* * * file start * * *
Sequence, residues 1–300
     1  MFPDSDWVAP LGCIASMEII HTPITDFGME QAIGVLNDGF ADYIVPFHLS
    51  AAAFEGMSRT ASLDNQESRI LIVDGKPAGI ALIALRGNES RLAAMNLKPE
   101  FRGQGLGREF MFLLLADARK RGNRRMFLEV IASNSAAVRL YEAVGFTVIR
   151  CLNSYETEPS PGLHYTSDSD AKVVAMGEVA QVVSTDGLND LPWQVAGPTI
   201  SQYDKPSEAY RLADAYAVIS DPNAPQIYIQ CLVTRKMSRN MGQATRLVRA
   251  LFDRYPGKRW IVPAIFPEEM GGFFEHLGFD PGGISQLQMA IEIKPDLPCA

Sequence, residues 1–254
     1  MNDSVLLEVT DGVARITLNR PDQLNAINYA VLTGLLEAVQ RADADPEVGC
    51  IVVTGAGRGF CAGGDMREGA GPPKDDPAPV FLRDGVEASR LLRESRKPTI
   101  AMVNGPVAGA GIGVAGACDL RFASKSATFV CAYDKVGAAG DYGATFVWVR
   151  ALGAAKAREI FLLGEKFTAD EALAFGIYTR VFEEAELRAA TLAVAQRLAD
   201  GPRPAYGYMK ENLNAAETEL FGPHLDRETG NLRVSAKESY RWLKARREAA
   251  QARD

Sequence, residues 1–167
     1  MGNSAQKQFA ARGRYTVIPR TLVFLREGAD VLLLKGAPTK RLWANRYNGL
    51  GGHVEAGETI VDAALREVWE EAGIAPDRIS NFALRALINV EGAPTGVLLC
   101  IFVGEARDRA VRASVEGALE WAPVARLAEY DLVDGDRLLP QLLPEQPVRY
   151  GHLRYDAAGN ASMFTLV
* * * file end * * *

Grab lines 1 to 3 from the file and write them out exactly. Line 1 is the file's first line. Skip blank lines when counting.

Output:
Sequence, residues 1–300
     1  MFPDSDWVAP LGCIASMEII HTPITDFGME QAIGVLNDGF ADYIVPFHLS
    51  AAAFEGMSRT ASLDNQESRI LIVDGKPAGI ALIALRGNES RLAAMNLKPE